“The Sisters of Mercy of the Americas join with people worldwide in expressing outrage over the shocking treatment of Haitian asylum-seekers trying to enter the United States in Del Rio, Texas,” the religious order said in a Sept. 22 statement. “Haitian women, children and men are among our most vulnerable sisters and brothers.”
“We call on the Biden administration to immediately end deportation flights to Haiti and to undertake measures to assure that all Haitian asylum-seekers have the right to make their case. This right is guaranteed under both domestic and international law,” it said.
The Sisters of Mercy noted Haiti in recent months “has experienced a political assassination, a massive earthquake and a fierce hurricane.”
“These catastrophic events further burden a nation with a long history of political upheaval and widespread, grinding poverty, conditions often exacerbated by U.S. policy over the years,” the statement said.
The executive director of Network, Mary J. Novak, accused the U.S. Customs and Border Protection agents and the Biden administration of abusing Haitian asylum-seekers, calling it “unacceptable.”
Novak didn’t describe the abuse, but news reports claimed Border Patrol officers on horseback were whipping some of the Haitians as they tried to control the crowd. CBP’s Office of Professional Responsibility was investigating the incident, but agents said they were using long reins to control their horses as they tried to control the crowd.
She also criticized “the continued misuse of Title 42,” saying it “relies on the false idea that we have to choose between welcoming people fleeing violence and protecting communities from the pandemic. We can do both.”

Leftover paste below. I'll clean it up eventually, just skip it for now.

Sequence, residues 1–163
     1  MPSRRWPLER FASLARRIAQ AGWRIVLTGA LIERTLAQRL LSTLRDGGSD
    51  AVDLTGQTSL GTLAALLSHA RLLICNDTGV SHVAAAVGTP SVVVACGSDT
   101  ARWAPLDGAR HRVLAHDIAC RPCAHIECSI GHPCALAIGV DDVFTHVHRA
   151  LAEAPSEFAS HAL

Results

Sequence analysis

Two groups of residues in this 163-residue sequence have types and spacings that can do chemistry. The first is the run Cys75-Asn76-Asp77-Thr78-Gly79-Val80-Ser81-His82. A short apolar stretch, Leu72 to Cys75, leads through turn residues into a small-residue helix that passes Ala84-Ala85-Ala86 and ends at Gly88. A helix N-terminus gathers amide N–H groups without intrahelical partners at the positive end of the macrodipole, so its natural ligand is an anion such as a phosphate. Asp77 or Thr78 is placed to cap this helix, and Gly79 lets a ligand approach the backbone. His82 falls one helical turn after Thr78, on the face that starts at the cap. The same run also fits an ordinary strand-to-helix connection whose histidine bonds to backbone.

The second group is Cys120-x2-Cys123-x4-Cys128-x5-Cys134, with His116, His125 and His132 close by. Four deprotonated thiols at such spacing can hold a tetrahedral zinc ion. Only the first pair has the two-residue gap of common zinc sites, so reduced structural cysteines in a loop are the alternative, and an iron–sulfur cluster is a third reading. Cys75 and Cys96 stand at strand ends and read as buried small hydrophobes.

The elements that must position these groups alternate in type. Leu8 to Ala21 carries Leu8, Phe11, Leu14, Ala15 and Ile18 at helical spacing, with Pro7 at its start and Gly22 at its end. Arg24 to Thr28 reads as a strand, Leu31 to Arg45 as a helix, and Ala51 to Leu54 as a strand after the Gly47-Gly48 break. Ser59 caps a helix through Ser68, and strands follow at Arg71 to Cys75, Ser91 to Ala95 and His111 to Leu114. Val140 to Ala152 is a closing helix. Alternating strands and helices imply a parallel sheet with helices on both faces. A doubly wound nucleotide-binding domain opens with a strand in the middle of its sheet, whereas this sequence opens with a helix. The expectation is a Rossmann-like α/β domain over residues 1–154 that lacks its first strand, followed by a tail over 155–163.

“The Biden administration must end Title 42 immediately and welcome immigrants and asylum-seekers with dignity,” she said.
In May, those Haitians who currently reside in the United States under Temporary Protected Status were told they could apply for an 18-month extension of that status so long as they meet eligibility requirements.
TPS grants a work permit and reprieve from deportation to certain people whose countries have experienced natural disasters, armed conflicts or exceptional situations so they can remain temporarily in the United States.
BLUE POINT, N.Y. (CNS) – Father Kevin M. Smith, a veteran fire chaplain, trauma counselor and loyal friend to scores of active and retired firefighters in the New York metropolitan area, receives more phone calls in early September than any other time of the year.
Most of the calls are from firefighters who served amid the carnage and chaos in the aftermath of the terrorist attacks on New York City’s World Trade Center.
A fire chaplain with 30 years of service, Father Smith, 60, is commissioned by Nassau County, New York, to minister to members of the county’s 71 volunteer fire departments, many of whom work full time with the New York Fire Department.